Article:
Looking for a safe place to explore with friendly and beautiful people, ancient castles, magnificent churches, cobblestone streets, quiet forests, thousands of lakes, huge sand dunes, and sparkling beaches lining the sea?
When I tell most people in the US that I’m going to Lithuania their eyes glaze over with uncertainty and if they don’t ask, ‘Where’s that?’, I can tell that they want to. With this audience of travelers I’m sure I’ll have more luck, but just in case: Lithuania is the southernmost of the three Baltic countries. It sits between the Baltic sea on the west and Belarus on the east. Latvia is to the north, Kaliningrad is southwest, and Poland is just beyond. Part of the recognition problem may be due to the fact that was occupied by the Soviet Union for so long and part of that huge land mass on old maps labeled USSR. However, after a long struggle to regain its independence, Lithuania has been free for the last 16 years and has pulled itself out from under the pall of occupation and been re-building.
I visited Lithuania in May for the second time and am happy to report that its unfortunate past is but a shadow now, contained largely in the KGB museum in Vilnius. Almost all of the incredible churches have been restored (many were offices, warehouses, or ‘museums of atheism’ in Soviet times). The Baltic Sea is gorgeous, and at Nida, a superb little fishing village turned beach town, the beach gets the blue flag – a sign of one of the cleanest beaches in Europe. The cities have well restored old towns and thriving businesses in the new towns, due to much recent investment here by other European countries as well as the US. Lithuania is now part of the EU and NATO and has one of the fastest growing economies in Europe.
Aside from all this, it is a fabulous place to travel through. There are relatively few tourists here, even after Vilnius was termed ‘the new Prague,’ and what tourism there is still largely remains in Vilnius. This leaves the rest of the country to be explored. Some beautiful countryside can be found around its national parks: Aukstaitija with its thousands of lakes, rolling farmland at Zemaitija, and Dzukija in the south with its huge forests and mushrooming. The Hill of Crosses near Siauliai must be seen as well as the Curonian Spit (Kursiu Nerija National Park) with its sand dunes and beaches.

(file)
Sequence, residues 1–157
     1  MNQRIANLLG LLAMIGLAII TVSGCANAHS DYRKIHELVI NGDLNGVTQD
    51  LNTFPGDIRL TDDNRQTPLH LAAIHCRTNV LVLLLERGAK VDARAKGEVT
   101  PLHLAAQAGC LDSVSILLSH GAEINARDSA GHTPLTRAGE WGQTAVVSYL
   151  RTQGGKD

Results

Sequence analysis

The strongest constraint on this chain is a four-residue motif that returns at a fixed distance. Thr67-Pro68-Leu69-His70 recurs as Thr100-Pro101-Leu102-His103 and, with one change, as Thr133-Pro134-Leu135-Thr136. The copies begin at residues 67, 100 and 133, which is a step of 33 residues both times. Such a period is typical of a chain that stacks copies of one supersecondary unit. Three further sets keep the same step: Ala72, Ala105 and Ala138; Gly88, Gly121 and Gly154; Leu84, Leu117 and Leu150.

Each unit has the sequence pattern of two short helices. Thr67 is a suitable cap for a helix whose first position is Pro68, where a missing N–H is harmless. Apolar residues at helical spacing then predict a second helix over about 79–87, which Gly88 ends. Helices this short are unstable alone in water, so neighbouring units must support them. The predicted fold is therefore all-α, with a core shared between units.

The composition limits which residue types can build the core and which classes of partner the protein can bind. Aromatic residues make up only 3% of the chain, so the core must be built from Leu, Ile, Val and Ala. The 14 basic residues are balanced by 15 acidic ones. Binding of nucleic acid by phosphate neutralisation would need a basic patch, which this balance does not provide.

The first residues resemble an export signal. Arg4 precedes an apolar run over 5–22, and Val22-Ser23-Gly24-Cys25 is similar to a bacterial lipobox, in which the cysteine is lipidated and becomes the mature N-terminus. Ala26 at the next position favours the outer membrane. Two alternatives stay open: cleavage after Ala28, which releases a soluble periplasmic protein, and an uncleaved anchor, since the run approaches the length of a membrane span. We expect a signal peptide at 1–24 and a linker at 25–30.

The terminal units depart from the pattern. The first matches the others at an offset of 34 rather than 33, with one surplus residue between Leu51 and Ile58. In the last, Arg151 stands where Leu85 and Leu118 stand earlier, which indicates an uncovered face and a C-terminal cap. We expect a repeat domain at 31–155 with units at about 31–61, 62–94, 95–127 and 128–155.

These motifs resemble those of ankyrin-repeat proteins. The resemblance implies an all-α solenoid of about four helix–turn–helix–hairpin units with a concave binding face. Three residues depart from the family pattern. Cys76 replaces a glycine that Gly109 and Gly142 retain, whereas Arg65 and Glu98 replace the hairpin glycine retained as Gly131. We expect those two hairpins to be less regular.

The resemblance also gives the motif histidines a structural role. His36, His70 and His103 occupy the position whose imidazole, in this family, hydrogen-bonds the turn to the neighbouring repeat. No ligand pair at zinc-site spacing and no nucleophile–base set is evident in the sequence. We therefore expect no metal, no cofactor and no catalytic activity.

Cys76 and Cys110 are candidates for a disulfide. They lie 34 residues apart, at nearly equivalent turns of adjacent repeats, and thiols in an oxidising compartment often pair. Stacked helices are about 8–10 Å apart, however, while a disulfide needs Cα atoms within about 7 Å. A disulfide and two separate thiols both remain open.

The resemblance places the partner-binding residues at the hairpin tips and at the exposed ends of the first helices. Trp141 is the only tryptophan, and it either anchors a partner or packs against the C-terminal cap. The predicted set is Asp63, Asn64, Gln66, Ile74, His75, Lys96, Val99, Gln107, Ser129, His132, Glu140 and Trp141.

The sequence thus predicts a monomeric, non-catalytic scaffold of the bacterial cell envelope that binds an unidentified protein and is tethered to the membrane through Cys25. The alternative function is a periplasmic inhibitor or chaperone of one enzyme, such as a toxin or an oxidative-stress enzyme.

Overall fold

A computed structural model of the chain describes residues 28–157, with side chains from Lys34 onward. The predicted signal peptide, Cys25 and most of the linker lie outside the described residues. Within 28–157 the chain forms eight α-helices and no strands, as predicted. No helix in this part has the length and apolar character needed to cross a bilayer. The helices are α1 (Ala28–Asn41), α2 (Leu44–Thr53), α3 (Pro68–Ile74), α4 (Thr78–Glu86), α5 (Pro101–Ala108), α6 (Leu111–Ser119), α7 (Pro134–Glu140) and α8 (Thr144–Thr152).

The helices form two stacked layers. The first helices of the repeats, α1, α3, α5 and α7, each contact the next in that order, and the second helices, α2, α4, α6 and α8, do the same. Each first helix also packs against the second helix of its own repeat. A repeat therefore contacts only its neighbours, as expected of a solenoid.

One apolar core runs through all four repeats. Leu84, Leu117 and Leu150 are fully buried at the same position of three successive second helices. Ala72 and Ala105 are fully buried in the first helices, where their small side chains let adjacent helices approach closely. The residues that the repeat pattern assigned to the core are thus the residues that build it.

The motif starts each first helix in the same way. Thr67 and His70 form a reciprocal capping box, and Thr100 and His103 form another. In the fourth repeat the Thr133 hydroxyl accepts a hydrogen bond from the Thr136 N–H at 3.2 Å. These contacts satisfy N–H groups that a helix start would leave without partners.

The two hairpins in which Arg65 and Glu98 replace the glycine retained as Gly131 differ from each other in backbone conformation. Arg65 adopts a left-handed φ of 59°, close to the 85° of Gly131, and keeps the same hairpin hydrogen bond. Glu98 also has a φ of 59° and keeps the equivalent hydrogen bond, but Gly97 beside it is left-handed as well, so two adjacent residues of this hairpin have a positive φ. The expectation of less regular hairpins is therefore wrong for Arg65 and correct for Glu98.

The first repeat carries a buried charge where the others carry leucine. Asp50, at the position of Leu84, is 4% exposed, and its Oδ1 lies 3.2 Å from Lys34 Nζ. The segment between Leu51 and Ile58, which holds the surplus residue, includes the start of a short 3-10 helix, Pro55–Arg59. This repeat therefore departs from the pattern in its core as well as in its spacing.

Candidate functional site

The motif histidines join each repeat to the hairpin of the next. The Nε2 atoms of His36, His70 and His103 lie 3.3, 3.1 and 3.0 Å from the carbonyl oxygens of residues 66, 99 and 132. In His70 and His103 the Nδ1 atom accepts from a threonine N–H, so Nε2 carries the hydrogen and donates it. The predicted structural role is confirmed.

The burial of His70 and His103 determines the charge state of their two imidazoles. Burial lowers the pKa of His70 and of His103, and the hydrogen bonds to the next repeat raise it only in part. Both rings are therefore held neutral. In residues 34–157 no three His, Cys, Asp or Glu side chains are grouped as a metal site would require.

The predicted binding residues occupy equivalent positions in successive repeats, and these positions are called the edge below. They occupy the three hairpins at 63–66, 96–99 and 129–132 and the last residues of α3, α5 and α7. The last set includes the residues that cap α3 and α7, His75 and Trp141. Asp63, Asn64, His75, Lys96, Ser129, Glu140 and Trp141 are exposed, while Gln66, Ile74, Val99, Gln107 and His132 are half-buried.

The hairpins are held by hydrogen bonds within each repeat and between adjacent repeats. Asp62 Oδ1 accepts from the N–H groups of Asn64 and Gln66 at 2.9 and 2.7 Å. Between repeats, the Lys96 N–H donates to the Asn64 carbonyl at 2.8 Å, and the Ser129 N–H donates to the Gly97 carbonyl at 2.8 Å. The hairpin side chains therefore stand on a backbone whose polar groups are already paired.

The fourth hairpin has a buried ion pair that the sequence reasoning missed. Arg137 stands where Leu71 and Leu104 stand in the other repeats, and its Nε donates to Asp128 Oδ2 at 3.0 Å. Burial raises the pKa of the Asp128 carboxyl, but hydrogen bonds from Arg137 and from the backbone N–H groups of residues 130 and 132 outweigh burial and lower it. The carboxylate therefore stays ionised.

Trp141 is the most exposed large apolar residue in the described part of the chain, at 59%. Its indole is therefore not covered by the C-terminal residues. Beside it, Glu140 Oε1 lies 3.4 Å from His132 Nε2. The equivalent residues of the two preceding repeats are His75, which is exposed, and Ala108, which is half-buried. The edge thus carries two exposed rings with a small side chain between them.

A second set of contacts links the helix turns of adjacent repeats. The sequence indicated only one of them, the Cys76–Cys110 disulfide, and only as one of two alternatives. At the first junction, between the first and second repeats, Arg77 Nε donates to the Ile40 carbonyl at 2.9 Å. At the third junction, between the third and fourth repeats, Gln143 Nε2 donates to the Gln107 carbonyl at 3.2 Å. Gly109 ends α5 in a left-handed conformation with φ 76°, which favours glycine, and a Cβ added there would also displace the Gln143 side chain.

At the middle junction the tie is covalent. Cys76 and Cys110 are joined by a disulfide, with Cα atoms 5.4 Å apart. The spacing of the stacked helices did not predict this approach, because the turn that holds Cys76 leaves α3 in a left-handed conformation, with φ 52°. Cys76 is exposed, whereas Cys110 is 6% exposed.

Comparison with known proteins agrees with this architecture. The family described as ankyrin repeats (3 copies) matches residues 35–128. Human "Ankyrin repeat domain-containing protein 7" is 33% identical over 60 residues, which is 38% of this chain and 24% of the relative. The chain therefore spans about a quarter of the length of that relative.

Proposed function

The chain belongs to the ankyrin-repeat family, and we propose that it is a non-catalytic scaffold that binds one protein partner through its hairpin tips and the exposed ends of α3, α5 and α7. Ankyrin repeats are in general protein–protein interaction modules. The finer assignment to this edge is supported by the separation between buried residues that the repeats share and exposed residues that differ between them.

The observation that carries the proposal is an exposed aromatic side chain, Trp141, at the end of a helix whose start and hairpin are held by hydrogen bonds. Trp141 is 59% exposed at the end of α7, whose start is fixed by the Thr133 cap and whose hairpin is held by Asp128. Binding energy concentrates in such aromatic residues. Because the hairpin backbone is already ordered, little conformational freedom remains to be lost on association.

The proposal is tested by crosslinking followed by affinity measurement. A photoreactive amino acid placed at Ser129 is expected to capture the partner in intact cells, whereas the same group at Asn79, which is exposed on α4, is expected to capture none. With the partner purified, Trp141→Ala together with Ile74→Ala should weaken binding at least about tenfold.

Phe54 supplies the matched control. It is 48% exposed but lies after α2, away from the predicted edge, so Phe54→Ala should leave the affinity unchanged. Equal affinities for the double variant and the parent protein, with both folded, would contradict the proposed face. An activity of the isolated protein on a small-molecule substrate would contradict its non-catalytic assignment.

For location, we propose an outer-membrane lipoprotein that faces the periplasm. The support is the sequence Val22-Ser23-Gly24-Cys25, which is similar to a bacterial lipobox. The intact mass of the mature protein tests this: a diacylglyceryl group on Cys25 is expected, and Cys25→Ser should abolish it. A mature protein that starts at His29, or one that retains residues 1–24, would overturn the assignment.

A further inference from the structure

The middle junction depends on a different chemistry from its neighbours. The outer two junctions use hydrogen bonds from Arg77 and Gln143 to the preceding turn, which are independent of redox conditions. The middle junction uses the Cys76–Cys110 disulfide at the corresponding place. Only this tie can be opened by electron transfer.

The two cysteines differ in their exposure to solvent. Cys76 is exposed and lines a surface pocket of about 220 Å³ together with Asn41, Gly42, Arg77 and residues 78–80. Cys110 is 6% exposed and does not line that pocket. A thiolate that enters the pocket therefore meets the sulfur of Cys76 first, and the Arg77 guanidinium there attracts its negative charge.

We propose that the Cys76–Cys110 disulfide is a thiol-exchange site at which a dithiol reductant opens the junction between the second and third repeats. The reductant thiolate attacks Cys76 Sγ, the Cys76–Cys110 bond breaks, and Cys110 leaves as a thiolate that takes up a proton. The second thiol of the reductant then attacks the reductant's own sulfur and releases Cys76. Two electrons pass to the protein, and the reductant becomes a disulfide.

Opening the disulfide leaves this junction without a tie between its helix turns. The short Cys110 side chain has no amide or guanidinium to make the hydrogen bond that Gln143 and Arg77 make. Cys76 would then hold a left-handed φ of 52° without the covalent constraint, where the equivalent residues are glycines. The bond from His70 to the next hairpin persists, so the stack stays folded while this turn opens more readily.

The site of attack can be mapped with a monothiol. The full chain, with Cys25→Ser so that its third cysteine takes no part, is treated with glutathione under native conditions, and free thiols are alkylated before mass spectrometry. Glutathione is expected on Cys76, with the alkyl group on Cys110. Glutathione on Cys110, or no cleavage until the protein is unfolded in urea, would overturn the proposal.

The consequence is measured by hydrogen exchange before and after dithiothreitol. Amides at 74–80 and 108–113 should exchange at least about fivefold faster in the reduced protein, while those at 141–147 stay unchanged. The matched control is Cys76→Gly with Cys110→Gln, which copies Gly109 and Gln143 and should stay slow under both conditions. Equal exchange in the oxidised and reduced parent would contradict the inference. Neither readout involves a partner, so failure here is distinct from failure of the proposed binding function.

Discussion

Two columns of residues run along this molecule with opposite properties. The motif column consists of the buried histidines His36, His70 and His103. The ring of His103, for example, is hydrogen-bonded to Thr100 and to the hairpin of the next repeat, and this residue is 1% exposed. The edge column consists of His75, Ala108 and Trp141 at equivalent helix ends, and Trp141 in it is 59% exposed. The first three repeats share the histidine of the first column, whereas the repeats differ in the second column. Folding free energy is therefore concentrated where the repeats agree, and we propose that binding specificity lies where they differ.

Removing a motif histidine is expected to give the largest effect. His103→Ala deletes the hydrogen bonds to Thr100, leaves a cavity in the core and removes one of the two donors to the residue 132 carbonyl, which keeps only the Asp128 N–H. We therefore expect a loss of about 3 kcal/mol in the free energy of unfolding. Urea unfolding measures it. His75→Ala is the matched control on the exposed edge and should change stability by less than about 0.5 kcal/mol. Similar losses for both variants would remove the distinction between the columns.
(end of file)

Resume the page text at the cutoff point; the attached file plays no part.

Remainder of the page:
Let’s start with my trip in May. I flew into Kaunas, Lithuania’s second biggest city, just in time for ‘Kaunas City Days’ – a festival celebrating the city which consisted of live bands playing in many city squares, an artisan fair lining the main streets of both the old and new towns, and a small amusement park set up near Kaunas castle. It seemed the whole city was in the streets and it was a lot of fun. I was surprised at how few tourists there were in Kaunas. Most everyone at the festival was speaking Lithuanian, and I really got a feel for the city. The artisans were so talented and the prices so inexpensive that I couldn’t help but buy many special things: hand carved wooden crosses, linen shirts, crocheted linen hats, amber jewelry, and delicious honey from one of many beekeepers.